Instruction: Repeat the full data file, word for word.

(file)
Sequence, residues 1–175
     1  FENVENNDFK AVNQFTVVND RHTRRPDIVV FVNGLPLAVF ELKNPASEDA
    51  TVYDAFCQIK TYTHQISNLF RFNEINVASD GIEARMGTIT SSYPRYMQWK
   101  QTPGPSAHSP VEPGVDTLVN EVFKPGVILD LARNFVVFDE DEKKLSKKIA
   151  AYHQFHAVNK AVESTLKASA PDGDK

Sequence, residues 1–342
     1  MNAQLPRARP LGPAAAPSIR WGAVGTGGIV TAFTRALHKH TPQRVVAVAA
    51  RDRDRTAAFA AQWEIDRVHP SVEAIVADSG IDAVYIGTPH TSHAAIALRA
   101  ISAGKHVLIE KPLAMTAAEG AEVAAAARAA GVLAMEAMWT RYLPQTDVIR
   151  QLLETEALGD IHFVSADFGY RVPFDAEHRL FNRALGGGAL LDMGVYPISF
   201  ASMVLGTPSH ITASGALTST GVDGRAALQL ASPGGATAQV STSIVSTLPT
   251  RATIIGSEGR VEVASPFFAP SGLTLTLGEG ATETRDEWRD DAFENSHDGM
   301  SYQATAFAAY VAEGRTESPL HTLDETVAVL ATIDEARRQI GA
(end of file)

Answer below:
Sequence, residues 1–175
     1  FENVENNDFK AVNQFTVVND RHTRRPDIVV FVNGLPLAVF ELKNPASEDA
    51  TVYDAFCQIK TYTHQISNLF RFNEINVASD GIEARMGTIT SSYPRYMQWK
   101  QTPGPSAHSP VEPGVDTLVN EVFKPGVILD LARNFVVFDE DEKKLSKKIA
   151  AYHQFHAVNK AVESTLKASA PDGDK

Sequence, residues 1–342
     1  MNAQLPRARP LGPAAAPSIR WGAVGTGGIV TAFTRALHKH TPQRVVAVAA
    51  RDRDRTAAFA AQWEIDRVHP SVEAIVADSG IDAVYIGTPH TSHAAIALRA
   101  ISAGKHVLIE KPLAMTAAEG AEVAAAARAA GVLAMEAMWT RYLPQTDVIR
   151  QLLETEALGD IHFVSADFGY RVPFDAEHRL FNRALGGGAL LDMGVYPISF
   201  ASMVLGTPSH ITASGALTST GVDGRAALQL ASPGGATAQV STSIVSTLPT
   251  RATIIGSEGR VEVASPFFAP SGLTLTLGEG ATETRDEWRD DAFENSHDGM
   301  SYQATAFAAY VAEGRTESPL HTLDETVAVL ATIDEARRQI GA